Galaxian (Commodore 64) review
"Namco's Galaxian was first released in the arcades in 1979 as a successor to Space Invaders. The Commodore 64 version, which is a remake rather than a direct port, came four years later. The premise is the same as in the original: you pilot a lone spaceship against waves of alien invaders, trying to gun down their formation without getting killed yourself. Galaxian differs from Space Invaders in the sense that enemies leave the formation to make swooping attacks on your craft, carefully at first..."
Namco's Galaxian was first released in the arcades in 1979 as a successor to Space Invaders. The Commodore 64 version, which is a remake rather than a direct port, came four years later. The premise is the same as in the original: you pilot a lone spaceship against waves of alien invaders, trying to gun down their formation without getting killed yourself. Galaxian differs from Space Invaders in the sense that enemies leave the formation to make swooping attacks on your craft, carefully at first, but more aggressively and in larger numbers as you proceed through the game. Points scored are directly related to the amount of risk you're willing to take (bonus points are given for taking out attacking enemies), leaving the player the option of either conservative cowardice or the much more entertaining gung ho approach.
The Commodore 64 version of Galaxian is, regrettably, disappointing. Graphically it is about equal to the arcade version, with slightly different artwork for the ship and the aliens, but pretty much the same quality. Gameplay, however, suffers in several aspects, making it hard to truly recommend this version.
An immediately apparent problem is the much lower speed compared to the original. In the arcade, Galaxian is a hectic game where you need to move quickly, identify threats as they come, and shoot down enemies in time before you get cornered. At the same time, because you can only have one shot on the screen at any one time, you must fire carefully and accurately. Firing blindly would just leave you defenseless. This is still true in the Commodore version, but with the game running much slower, the suspense isn't nearly comparable. You can see enemies coming from a mile away, watch closely where they fire their shots, and move away in time. With a little experience, a careful player will almost never get surrounded or driven to the edge of the screen, and can just clean up wave after wave of enemies at his leisure. Suspense and excitement become tedium, and the fact that you can easily score three or four times as high as on the arcade version doesn't do much to compensate for that.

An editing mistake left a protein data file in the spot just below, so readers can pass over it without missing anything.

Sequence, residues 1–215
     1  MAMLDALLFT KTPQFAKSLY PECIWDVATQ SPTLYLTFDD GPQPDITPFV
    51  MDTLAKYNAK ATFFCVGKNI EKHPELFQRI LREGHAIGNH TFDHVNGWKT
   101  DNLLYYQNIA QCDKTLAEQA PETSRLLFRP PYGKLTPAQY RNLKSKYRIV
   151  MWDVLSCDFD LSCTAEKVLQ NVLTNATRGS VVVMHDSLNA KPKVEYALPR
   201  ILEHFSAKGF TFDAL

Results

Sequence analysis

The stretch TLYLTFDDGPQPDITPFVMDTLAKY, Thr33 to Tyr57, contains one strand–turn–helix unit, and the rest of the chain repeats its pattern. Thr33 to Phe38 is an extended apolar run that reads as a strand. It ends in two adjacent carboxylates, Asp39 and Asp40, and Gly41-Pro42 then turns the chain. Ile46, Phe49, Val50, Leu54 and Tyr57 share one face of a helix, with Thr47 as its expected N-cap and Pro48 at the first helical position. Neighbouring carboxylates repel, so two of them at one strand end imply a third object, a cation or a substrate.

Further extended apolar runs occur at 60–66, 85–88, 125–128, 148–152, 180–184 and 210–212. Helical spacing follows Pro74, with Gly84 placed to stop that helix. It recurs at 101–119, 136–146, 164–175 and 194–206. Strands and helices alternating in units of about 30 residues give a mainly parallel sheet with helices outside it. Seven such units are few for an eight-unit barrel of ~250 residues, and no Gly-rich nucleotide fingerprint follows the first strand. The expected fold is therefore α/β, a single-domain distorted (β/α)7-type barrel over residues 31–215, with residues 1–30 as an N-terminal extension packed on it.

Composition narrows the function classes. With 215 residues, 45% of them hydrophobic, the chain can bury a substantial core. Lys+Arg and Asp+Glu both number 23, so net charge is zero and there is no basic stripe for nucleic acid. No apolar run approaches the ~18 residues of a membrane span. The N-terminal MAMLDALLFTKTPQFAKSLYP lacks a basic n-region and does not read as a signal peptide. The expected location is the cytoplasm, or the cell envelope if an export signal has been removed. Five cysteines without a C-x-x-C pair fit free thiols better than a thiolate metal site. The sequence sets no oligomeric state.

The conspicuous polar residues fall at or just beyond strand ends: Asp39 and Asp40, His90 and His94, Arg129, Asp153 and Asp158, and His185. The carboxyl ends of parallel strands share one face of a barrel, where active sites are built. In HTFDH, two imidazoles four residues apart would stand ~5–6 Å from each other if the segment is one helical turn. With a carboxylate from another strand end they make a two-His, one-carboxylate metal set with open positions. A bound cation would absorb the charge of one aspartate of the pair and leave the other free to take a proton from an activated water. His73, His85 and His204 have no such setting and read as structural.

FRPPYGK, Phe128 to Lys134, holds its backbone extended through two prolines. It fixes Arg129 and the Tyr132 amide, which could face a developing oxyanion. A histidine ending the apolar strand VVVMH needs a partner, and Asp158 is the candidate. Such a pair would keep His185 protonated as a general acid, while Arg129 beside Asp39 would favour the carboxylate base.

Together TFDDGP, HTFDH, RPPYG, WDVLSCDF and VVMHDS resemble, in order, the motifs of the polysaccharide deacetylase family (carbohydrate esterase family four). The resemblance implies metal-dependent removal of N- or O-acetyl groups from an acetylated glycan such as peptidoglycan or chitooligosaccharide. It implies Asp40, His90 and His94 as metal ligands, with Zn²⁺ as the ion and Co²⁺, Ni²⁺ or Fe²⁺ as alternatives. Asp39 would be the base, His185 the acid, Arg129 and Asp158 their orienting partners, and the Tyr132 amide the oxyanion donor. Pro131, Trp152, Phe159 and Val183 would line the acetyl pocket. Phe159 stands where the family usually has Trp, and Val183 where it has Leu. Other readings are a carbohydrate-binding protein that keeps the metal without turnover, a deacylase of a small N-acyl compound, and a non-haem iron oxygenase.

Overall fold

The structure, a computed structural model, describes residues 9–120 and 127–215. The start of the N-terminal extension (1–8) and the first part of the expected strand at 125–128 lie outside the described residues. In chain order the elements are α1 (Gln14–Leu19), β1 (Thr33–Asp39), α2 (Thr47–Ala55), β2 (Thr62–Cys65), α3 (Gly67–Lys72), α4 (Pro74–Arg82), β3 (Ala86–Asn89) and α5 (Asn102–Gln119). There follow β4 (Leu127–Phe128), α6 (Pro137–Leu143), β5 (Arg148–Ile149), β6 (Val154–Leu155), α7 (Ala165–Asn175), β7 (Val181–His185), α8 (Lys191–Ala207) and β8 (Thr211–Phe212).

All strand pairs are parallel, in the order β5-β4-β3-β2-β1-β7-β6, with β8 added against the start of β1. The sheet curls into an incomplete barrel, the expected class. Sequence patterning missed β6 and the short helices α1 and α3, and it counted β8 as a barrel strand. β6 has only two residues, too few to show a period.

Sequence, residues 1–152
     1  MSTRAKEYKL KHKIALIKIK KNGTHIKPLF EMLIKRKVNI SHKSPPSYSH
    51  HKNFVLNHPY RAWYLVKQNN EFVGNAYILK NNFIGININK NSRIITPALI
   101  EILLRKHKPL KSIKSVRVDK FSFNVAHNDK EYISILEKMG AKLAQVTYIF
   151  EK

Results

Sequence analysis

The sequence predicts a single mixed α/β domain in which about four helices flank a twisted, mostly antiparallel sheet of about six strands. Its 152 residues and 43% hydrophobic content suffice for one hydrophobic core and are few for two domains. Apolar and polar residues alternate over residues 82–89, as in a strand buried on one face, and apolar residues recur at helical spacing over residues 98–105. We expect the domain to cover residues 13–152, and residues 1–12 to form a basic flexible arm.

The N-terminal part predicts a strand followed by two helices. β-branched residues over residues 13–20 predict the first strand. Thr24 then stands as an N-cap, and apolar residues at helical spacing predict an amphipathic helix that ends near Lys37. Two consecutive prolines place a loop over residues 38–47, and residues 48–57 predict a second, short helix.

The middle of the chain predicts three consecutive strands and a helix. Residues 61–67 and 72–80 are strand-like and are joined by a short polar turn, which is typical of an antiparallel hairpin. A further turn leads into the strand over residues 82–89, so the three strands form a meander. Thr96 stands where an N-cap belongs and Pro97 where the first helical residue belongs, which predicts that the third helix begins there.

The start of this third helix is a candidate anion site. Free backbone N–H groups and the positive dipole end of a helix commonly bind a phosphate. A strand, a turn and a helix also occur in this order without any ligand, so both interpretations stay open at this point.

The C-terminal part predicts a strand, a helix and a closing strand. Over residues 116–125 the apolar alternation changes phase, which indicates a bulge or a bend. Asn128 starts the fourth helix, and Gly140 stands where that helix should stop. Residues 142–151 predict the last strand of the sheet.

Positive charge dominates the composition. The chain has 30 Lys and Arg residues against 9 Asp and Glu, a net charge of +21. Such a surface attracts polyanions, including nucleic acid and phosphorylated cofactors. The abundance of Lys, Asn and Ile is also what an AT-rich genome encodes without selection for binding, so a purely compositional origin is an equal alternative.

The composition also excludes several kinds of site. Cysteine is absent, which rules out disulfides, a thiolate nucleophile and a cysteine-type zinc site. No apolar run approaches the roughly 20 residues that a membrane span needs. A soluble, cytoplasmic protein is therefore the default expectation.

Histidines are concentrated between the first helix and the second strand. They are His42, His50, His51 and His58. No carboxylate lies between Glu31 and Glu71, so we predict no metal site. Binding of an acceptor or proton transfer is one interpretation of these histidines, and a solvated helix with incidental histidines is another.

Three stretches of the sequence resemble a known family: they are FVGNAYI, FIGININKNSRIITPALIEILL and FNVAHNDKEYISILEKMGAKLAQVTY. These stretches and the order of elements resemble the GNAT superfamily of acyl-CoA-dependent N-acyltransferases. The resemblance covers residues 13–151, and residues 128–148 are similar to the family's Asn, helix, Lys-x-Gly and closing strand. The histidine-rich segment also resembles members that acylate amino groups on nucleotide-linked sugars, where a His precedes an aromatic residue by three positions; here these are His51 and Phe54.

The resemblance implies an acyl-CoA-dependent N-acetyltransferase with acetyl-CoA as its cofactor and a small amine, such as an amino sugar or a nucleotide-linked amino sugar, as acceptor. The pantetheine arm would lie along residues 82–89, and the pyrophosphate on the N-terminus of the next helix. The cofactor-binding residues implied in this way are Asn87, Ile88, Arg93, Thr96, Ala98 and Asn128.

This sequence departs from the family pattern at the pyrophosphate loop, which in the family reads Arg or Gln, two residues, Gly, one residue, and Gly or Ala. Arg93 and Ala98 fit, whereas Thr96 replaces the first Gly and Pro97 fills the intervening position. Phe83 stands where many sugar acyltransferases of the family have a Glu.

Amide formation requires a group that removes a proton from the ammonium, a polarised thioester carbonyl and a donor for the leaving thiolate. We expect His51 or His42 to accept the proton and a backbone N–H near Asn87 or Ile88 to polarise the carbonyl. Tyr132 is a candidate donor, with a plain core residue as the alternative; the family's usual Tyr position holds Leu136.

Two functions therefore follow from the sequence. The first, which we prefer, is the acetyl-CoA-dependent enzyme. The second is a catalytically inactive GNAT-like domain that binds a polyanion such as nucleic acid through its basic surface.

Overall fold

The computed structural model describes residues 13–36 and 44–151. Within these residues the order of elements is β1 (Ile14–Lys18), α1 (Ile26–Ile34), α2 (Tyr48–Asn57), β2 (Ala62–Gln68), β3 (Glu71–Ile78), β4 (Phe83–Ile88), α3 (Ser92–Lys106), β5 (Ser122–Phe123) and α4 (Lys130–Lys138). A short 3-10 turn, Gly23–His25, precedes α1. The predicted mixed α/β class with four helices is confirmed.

Worse still, the game's speed is adversely affected by lots of graphics on the screen. If the enemy formation is still big, and especially if lots of aliens come down in swooping attacks, everything slows down noticeably. As you clean up the formation, the game speed slowly goes up. Considering how important it is to time your shots correctly, this gets annoying fast. If you get far in the game (and you will with a little practice), the slowdown reaches infuriating levels and you'll want to go psycho on the enemy formation just to speed the damn game up.
The problem of decreased difficulty doesn't end with the slower pace of the Commodore remake. The playing field is much larger, giving you more room to outmaneuver enemies (and your ship moves faster to accommodate for this). The arcade version was basically a vertical rectangle because a third of the screen was taken up by a vertical status bar with your score and the number of remaining ships. That information is now displayed in a narrow bar at the top of the screen, making the playing field basically square. Even if a horde of enemies comes down, raining down shots, there's wide open areas to both the left and the right to dodge them. In the arcade version, you had no such luck. Enemies would often cover most or all of the playing field and you had to quickly decide on a target and take it out to create a safe zone for yourself. To do that, you needed to pay attention constantly and be able to hit flawlessly with quick snap shots when they counted. Considering that this challenge was the core of the game, its absence from the Commodore remake is a major problem.
As a kind of a final insult, the enemy's movements have been dumped down as well. What made the swooping attacks of the aliens in the arcade Galaxian so interesting (and dangerous) was the erratic movements they made, turning in circles, suddenly changing direction, growing more aggressive the longer you needed to clear a wave, and generally making themselves as hard to shoot down as possible. No such thing here. Every enemy of a certain type moves in exactly the same way all the time, at perfectly predictable angles which makes them all easy to hit once you've played a few rounds.
It all adds to the main problem: this version of Galaxian is a lot easier than the original, and all the excitement is out the window. What's left is a mediocre shooter that's likely to get tedious once you've developed a little skill at it. While not a bad game, it has nothing on the original, and you'd be much better off playing either that or a version that's true to it (such as the one in Namco Museum on the Gameboy Advance) rather than this one. It would give you a much better impression of the hit that Galaxian was.
Reviewer's Score: 5/10, Originally Posted: 08/07/04
Community review by sashanan (June 19, 2009)
Sashanan doesn't drink coffee; he takes tea, my dear. And sometimes writes reviews. His roots lie with the Commodore 64 he grew up with, and his gaming remains fragmented among the very old, the somewhat old, and rarely the new.
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